CNBC has learned that Buy Buy Buy Baby stores are set to disappear after a last-ditch effort to save the chain and keep the business going collapsed.
Brand management company Go Global Retail, which owns children’s clothing company Janie and Jack, was eager to buy the darling bed bath behind Company CEO Jeff Strider told CNBC.
Lender Sixth Street Partners, Bed Bath & Beyond’s principal creditor, decided it could recoup more of its losses than Go Global was willing to offer by selling Buy Buy Baby’s intellectual property, auctioning the leases and moving forward with liquidation sales.
Dream on Me Industries, a little-known New Jersey-based retailer and former Buy Buy Baby supplier, won the chain’s brand and digital assets for $15.5 million after Bed Bath & Beyond failed to receive any higher bids.
Go Global believes there is a way to close as recently as Monday, but in the end, it was unable to agree a number with Sixth Street, Strreader said.
“We were fair in our offer. Sixth Street was not unreasonable, but there was a difference of opinion on the assessment,” he said. “We wish the IP bid winners success in their journey.”
All in all, Go Global’s bid had a higher dollar amount than the Dream on Me bid, but not by much because “there’s been significant erosion in value in the last six weeks,” according to a person close to the matter, who spoke on the condition of anonymity because they They are not authorized to discuss the matter publicly.
Another said that if the company’s bid was accepted, it would need to put up additional capital at the time of the sale to keep the stores running, and the way the bid was constructed did not affect the cost of Buy Buy Buy Baby’s intellectual property. someone close to the subject. While Sixth Street would have preferred to keep stores open, Bed Bath has not received a viable offer to allow it, the person said.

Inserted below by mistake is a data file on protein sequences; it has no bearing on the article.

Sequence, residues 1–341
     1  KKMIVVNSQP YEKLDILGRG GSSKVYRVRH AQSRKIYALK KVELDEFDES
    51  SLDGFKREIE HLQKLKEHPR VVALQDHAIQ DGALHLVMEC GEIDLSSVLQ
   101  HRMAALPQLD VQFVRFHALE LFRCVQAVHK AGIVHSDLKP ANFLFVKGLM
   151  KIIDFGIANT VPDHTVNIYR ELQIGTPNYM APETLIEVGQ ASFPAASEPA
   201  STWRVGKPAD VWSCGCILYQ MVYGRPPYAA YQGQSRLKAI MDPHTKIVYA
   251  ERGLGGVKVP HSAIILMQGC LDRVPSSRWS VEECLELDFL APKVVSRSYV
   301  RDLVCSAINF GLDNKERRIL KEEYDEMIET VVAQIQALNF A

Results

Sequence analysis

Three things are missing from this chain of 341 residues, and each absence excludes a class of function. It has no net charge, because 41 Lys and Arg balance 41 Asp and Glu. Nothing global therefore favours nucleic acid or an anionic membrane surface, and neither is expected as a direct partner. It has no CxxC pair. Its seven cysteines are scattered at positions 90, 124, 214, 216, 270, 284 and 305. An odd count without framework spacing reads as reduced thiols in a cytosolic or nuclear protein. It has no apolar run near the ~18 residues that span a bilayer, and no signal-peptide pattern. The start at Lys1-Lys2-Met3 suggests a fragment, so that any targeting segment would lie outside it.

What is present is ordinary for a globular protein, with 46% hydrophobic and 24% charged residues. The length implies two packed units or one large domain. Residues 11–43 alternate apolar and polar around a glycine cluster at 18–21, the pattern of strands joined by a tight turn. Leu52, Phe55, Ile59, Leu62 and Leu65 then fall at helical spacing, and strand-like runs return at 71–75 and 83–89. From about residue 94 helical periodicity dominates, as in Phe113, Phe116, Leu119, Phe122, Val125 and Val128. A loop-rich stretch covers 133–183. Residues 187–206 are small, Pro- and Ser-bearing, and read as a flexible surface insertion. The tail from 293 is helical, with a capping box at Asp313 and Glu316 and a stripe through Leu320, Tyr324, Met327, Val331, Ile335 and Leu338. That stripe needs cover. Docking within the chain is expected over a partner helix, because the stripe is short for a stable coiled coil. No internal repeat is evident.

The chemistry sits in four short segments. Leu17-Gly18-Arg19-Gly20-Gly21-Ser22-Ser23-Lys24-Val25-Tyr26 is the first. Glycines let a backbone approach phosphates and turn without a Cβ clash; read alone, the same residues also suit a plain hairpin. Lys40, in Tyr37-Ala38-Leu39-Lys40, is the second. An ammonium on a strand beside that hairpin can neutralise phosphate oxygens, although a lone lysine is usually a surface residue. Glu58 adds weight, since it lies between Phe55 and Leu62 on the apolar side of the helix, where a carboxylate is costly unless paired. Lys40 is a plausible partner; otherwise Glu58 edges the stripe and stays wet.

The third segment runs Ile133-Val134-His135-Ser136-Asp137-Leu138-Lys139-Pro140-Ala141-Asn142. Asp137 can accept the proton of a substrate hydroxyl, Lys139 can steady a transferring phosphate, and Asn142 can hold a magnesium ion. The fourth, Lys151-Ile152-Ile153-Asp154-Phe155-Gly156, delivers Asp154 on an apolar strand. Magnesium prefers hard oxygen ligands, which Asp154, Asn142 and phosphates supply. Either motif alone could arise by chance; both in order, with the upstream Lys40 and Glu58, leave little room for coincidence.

One person said that when the auction process first began, Go Global was willing to offer a “much higher” price. In May, the company was seeking an additional $50 million in capital to support its bid, CNBC previously reported.
However, after nearly three months of liquidated sales at Buy Buy Baby’s 120 store, there is very little left to bid besides IP, empty stores, leases and any remaining inventory, the source said.
Over the past several weeks, Bed Bath & Beyond had repeatedly pushed through the bankruptcy auction process and split Buy Buy Baby until it could secure higher bids and find a company that was willing to keep the stores running.
However, every time the auction was delayed, the source said, it was delayed by a week or so, which “certainly deterred potential bidders or investors.”
“Most people can’t move that fast,” the source added.
During a hearing in federal bankruptcy court in Newark, New Jersey, on Tuesday, Judge Vincent Papalia agreed to sell the intellectual property of Buy Buy Buy Baby to Dream on Me as one of the model’s employees, who appeared virtually via Zoom to attend the hearing, smoking a cigarette on the screen.
Attorneys for Bed Bath & Beyond said it was “unfortunate” that they could not secure a buyer because Papalia and other attorneys present at the hearing expressed disappointment that the chain could not be saved.
“I share the disappointment at the lack of ongoing bids,” Papalia said.
“It’s a shame, I think both parts are not moving forward and that’s disappointing. I had higher hopes going forward but sometimes, those hopes are not fulfilled.”